Biographies of Famous Lutherans
First posted on January 17th 2003, last revised on November 15th 2004

External Links : Biographies to the History of the Calvinist Reformation

For links on general biographical sources, go to Biographies Main Page

Ökumenisches Heiligenlexikon (ÖH), in German; concise biographies
Biographisch-Bibliographisches Kirchenlexikon (BBKL), in German, scholarly
Catherine Winkworth, Christian Singers of Germany, a site dealing with hymn singers from the 8th century to 1850
The New Schaff-Herzog Encyclopedia of Religious Knowledge, Vol.I : Aachen-Basilians, Vol.II : Basilica-Chambers, Vol.III : Chamier-Draendorf, Vol.IV : Draeseke-Goa, Vol.V : Goar-Innocent Vol.VI : Innocent-Liudger, Vol.VII : Liutprand-Moralities, Vol.VIII : Morality-Petersen, Vol.IX : Petri-Reuchlin, Vol.X : Reutsch-Son, Vol.XI : Son of Man-Tremellius, Vol.XII : Trench-Zwingli
Catholic Encyclopedia, 1907-1913 edition
Women of the Reformation, by Barry McWilliams
Printed Reference : Biographies related to the History of Calvinism

Biographies of Famous Calvinists


Arminius, Jacobus (Jakob Harmenszoon), 1560-1609
Studied at Leiden since 1576, in Geneva 1582 under THEODORE DE BEZA; in 1588 appointed preacher in Amsterdam. Was accused of diverting from Calvinist orthodoxy. In 1603 appointed professor at Leiden. Founder of ARMINIANISM; his supporters in the Netherlands were referred to as REMONSTRANTS. Participated in a disputation with GOMARUS in 1608, which did not lead to any decision.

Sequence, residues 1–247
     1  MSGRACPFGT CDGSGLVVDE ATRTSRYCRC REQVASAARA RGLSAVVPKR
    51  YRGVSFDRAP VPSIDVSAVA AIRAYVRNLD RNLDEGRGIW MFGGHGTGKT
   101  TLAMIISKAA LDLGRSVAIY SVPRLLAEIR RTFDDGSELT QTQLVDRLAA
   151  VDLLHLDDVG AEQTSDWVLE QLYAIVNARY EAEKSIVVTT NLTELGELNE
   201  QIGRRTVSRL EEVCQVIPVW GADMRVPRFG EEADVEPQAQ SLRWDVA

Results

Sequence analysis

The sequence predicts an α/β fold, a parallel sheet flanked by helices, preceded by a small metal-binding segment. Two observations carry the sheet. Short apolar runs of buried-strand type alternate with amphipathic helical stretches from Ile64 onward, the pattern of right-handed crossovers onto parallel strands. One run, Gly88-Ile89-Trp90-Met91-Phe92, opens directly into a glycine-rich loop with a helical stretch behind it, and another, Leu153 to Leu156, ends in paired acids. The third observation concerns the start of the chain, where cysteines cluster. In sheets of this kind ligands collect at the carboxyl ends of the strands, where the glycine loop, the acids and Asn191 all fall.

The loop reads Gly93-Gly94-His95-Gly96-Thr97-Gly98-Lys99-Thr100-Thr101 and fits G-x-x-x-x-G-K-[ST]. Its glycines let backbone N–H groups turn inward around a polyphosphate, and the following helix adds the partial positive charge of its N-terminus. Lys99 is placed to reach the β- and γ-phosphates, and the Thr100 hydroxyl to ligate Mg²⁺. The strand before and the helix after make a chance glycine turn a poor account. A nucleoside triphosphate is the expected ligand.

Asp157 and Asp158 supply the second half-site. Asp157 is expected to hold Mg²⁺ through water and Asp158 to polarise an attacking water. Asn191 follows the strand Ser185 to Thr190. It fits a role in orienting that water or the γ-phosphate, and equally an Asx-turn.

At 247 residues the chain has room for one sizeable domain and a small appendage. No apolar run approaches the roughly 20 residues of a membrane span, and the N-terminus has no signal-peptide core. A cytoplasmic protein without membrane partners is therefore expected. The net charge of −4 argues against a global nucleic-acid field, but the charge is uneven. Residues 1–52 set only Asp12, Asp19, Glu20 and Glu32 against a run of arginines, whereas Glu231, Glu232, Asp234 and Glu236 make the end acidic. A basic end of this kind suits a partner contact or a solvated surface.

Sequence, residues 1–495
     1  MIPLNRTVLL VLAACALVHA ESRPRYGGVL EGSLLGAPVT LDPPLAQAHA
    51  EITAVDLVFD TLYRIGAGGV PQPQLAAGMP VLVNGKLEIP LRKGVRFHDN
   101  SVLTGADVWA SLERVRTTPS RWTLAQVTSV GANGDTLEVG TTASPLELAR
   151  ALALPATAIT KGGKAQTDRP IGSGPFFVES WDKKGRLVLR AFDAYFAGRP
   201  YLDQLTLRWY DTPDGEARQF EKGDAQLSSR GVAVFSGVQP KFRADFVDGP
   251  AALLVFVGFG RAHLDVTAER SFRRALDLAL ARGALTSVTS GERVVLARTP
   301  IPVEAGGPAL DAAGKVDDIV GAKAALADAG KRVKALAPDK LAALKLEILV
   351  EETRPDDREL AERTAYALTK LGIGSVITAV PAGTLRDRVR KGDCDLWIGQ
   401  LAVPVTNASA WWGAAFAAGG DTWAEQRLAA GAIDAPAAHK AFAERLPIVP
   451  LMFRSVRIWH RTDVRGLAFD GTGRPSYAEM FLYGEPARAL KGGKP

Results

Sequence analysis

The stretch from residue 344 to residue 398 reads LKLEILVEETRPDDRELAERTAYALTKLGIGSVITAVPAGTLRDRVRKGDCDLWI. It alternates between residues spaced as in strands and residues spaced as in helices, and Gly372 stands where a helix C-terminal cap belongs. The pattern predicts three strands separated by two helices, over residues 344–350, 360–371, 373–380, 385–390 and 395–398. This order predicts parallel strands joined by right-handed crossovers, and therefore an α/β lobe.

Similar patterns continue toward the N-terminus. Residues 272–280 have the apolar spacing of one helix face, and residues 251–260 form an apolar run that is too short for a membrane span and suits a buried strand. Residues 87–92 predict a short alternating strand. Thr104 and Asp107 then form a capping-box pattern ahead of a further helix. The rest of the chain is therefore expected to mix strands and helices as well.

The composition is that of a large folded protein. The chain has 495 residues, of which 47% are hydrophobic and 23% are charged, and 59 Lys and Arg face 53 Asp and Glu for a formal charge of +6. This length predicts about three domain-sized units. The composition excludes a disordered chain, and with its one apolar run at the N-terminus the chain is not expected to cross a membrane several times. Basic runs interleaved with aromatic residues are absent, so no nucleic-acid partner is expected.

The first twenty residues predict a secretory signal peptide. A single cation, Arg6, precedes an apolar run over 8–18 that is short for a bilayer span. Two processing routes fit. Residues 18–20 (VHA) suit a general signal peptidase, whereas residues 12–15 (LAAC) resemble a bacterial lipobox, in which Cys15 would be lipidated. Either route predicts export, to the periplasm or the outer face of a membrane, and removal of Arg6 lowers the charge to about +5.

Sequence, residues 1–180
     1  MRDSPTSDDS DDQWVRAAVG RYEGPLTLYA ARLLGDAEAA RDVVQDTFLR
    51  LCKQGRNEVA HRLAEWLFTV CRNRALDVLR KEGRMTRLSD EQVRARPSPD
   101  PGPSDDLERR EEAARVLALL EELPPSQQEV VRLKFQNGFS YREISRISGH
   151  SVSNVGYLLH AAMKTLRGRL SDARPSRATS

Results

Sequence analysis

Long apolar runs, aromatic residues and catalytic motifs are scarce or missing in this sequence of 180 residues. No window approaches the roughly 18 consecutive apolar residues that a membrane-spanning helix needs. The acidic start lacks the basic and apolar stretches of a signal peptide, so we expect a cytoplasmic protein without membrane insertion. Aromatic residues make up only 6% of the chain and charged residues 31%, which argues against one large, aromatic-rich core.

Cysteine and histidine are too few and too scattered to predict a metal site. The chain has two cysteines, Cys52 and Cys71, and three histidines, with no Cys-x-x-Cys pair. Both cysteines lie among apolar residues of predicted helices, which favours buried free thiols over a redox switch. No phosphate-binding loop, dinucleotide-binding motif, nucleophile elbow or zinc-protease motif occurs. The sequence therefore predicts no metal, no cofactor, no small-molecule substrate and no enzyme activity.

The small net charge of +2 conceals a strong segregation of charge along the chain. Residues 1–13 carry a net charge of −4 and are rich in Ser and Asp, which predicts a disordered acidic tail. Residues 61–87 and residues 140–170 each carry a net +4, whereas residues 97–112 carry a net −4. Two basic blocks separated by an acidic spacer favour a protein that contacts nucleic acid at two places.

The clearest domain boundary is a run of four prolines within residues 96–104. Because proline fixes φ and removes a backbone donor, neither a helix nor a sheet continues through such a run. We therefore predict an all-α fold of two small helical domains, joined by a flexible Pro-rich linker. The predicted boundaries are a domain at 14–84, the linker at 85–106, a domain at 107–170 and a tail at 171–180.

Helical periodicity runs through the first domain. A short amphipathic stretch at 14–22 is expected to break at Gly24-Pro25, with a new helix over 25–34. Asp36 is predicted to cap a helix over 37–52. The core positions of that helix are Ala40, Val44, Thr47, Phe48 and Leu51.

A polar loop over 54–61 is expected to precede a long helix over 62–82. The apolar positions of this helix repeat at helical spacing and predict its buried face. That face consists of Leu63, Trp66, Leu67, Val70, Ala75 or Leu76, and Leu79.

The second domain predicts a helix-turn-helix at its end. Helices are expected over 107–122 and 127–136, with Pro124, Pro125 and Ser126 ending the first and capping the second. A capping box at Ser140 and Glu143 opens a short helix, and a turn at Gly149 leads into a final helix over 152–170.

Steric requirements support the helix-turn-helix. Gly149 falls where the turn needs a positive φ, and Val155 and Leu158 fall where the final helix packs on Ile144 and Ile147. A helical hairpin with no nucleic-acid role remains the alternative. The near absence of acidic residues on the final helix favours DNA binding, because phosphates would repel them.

German language biography, from BBKL

Beza, Theodore de (Theodore de Beze), 1519-1605
Studied at Orleans, professed protestant confession in 1544, moved to Geneva in 1548. Since 1549 he taught Greek at the University of Lausanne. In 1559 called to Geneva as the first dean of the newly founded Academy. In the religious talks of 1561 at Poissy de Beza acted as speaker of the HUGUENOTS; early in the Huguenot wars he acquired credit with which to finance action on the Huguenot side. In 1564 he succeeded JEAN CALVIN in Geneva. He wrote a biography of Calvin.

German language biography from BBKL

Bres, Guy de (Guido de Bray), 1522-1567
Learnt the trade of glass painting; turned to protestantism, fled persecution in 1548 (to England), returned in 1552, fled again in 1556, to Frankfurt, from where he proceeded to Lausanne (THEODORE DE BEZA) and Geneva (JEAN CALVIN). Since 1557 preacher in Tournai, Sedan, Antwerp, Valenciennes; wrote the CONFESSIO BELGICA (1561); was in Tournai when the city rebelled in 1566; was arrested and executed in 1567.

German language biography from BBKL

Bullinger, Heinrich, 1504-1575
Studied in Cologne 1519; turned toward protestantism after reading Luther's publications. Since 1523 he was teacher at the Cistercian monastery at Kappel (Switzerland), where the reformation was implemented in 1526-1527. Bullinger was elected preacher in Bremgarten in 1529, successor to HULDRYCH ZWINGLI in Zürich in 1531. Reorganized the Swiss protestant church; wrote a PREACHER AND SYNOD ORDINNANCE (1532), supported MARTIN BUCER's attempt to breach the gap between Lutheranism and the Upper German reformation; in 1549 signed the CONSENSUS TIGURINUS which eliminated the discrepancies regarding the interpretation of the communion; Switzerland's other protestant churches accepted it, thus joining the Swiss Calvinist church. German language biography from BBKL

Jean Calvin 1509-1564

Farel, Guillaume (Wilhelm Farel), 1489-1565